My visits to the campus were frequent. Eva impressed me by her frankness and keen sense of humour. We seemed compatible in many ways. Our conversations were generally agreeable. The only area of our difference was the issue of the Niger Delta. Eva hailed from Yenegoa in Bayelsa State and felt bad about the purported ill treatment of her people. “The only solution to the problem is resource control,” she insisted. At the end of the day, we parted as good friends. As far as we were concerned, the politicians should find a quick solution to the crisis.

When Eva telephoned three weeks later to tell me about her examination result, 1 was grossly disappointed. “I failed my course in Economics,” she narrated apparently holding her tears. For a few seconds, 1 was silent. However, I summoned ,courage and consoled her. “Never mind darling Eva, You can still make it next time. Your best is yet to come”.

Eva blamed her predicament on her reluctance to respond to the romantic advances of the randy Econometrics lecturer and her failure to buy lecture r handouts.

“You see,” she explained, it is trade by barter in the campus state of nature. Most of the female students give what they have to get what they want. I am a born again Christian and cannot indulge in sexual pastimes merely to achieve academic success.” I believed her. Eva seemed too good for immoral. I was tempted to report the scandal to the Dean of the Faculty of Economics. Eva discouraged me. “The dean himself is Casanova. You cannot send a thief to catch a thief. Besides, lecture handouts have become gold mines for academic; staff,” she admonished.

Our patience paid off soon. Eva scored a good pass in her resit examination. My lobby for a favourable posting at the national service collapsed like a pack of cards. Perhaps, if we had listened to Salami, my friend, things would have been different. Salami told me in confidence: “Only children of rich and powerful people choose locations for their national youths service.” Eva was posted to Ondo State. In spite of the distance, I visited her often.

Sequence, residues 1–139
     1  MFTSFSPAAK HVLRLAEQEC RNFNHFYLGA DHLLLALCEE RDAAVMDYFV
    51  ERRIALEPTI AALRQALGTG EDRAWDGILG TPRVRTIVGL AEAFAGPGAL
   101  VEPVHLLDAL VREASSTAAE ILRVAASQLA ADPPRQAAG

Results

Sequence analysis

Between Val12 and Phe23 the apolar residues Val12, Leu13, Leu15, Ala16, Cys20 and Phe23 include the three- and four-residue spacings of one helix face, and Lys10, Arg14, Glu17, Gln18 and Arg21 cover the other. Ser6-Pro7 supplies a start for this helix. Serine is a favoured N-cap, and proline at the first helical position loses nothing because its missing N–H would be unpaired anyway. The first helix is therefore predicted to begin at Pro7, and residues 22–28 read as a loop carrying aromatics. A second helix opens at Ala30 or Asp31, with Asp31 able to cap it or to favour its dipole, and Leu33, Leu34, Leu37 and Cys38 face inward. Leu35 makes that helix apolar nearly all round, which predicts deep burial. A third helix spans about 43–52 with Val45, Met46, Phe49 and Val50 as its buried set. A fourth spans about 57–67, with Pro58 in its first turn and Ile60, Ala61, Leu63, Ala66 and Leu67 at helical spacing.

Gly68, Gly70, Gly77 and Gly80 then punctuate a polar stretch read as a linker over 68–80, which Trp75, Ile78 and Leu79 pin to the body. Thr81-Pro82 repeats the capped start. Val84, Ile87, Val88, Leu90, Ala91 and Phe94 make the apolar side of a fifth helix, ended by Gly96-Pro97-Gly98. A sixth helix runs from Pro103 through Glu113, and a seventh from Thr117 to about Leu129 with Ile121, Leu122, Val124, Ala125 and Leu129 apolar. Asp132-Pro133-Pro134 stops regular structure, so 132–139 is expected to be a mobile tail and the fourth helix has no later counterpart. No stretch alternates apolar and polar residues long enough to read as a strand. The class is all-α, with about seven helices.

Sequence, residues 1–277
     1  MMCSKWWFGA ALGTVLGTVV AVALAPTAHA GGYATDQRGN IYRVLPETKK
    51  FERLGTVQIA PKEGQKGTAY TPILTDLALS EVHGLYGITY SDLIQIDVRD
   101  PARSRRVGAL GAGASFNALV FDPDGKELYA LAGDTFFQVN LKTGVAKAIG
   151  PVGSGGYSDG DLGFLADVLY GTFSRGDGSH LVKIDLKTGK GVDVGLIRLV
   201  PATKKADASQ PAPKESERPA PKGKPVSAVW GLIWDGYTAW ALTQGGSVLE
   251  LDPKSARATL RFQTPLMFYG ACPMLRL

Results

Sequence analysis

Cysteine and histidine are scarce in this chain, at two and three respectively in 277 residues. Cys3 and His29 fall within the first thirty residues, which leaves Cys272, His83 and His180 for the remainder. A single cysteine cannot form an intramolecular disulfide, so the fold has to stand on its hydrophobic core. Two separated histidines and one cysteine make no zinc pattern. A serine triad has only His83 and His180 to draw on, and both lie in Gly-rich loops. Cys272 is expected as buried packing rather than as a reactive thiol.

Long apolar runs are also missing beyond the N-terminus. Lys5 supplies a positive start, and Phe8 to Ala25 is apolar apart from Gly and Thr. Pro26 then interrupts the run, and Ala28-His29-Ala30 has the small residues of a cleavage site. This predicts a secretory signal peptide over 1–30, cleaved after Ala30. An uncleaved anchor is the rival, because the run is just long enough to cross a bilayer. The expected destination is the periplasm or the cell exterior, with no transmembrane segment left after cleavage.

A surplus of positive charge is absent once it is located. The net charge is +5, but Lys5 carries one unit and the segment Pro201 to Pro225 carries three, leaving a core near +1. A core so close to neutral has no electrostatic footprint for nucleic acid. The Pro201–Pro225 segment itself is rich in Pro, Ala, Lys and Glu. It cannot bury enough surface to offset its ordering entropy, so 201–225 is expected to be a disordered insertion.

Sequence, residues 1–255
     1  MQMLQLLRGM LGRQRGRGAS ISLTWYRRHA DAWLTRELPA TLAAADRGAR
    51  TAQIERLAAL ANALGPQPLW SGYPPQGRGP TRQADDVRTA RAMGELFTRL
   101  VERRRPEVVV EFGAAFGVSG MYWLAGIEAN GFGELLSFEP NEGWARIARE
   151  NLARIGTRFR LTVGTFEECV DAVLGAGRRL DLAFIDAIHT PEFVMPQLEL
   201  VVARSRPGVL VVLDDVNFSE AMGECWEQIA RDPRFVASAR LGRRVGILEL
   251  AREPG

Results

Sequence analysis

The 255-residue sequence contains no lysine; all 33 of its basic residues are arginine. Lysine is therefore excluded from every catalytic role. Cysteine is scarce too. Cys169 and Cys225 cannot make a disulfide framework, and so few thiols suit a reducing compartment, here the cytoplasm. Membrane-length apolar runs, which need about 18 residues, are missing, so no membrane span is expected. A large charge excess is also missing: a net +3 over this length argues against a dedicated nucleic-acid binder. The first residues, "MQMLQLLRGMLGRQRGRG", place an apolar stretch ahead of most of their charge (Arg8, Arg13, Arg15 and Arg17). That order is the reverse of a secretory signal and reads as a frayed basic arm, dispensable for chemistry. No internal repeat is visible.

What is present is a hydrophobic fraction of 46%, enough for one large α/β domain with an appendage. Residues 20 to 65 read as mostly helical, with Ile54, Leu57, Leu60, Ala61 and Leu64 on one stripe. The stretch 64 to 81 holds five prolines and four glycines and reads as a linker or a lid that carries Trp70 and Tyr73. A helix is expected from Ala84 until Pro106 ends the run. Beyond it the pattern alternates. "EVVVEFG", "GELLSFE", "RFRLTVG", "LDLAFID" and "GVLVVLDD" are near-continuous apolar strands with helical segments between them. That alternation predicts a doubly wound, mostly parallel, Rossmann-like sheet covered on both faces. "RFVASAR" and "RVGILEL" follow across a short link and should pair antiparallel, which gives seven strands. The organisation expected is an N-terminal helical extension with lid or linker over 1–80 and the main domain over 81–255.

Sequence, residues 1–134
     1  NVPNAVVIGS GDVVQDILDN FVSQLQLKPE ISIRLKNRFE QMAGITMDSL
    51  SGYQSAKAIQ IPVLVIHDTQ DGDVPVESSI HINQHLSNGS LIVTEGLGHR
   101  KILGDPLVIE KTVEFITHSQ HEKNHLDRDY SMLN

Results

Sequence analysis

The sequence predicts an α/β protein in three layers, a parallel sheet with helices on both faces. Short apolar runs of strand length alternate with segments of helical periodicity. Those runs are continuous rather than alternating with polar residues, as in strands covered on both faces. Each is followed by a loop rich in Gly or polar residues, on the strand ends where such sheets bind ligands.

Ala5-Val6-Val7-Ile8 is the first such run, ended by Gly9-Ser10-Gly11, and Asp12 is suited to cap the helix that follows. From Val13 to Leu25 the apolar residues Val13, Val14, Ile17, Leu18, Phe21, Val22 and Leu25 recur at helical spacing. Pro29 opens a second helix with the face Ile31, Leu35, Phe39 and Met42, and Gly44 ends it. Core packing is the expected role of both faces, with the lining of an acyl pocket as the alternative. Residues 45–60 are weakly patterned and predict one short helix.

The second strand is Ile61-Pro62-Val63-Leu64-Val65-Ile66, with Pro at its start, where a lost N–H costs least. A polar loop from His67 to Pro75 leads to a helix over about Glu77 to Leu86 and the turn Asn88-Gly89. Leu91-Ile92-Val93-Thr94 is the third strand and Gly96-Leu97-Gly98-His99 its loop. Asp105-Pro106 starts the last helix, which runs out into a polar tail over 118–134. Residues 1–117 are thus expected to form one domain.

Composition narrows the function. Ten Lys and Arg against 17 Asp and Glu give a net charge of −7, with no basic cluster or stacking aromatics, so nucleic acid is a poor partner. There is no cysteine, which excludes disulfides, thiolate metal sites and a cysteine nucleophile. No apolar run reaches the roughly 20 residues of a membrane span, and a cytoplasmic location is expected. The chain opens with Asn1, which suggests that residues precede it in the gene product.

Eva’s parents raised no objection to my marriage proposal. Both parents were highly educated and exposed. Our ethic disparity did not pose any problem. Similarly, the question of bride price was quickly settled.

Experience has shown that only poor parents inflate the bride price. The current vogue in most parts of the country is to reduce the bride price drastically. Many societies have realized that there are too many spinsters – in – waiting roaming the streets. Our wedding plans started in earnest. I bought the wedding gown and

a golden wedding ring. We contracted the printers for the invitation cards and church programmes. Suitable wedding halls were expensive but we managed to settle for Paradise Hotel. The pastor congratulated us but insisted that we must produce a medical certificate. “This is the new church rule in the light of an epidemic of sickle cell disease and AIDS among the youths/’ he explained. No problem.

At the Charity Hospital clinic there were other young couples undergoing premarital blood. test. Eva and I were attended to by noon and asked to come back the next day. We arrived late in the morning. The laboratory supervisor frowned at us. We wondered. Soon after, he picked our medical report and gave ,it to me. ,My shock was palpable. Eva, was HIV positive!! We wept profusely. Our wedding plans had crashed.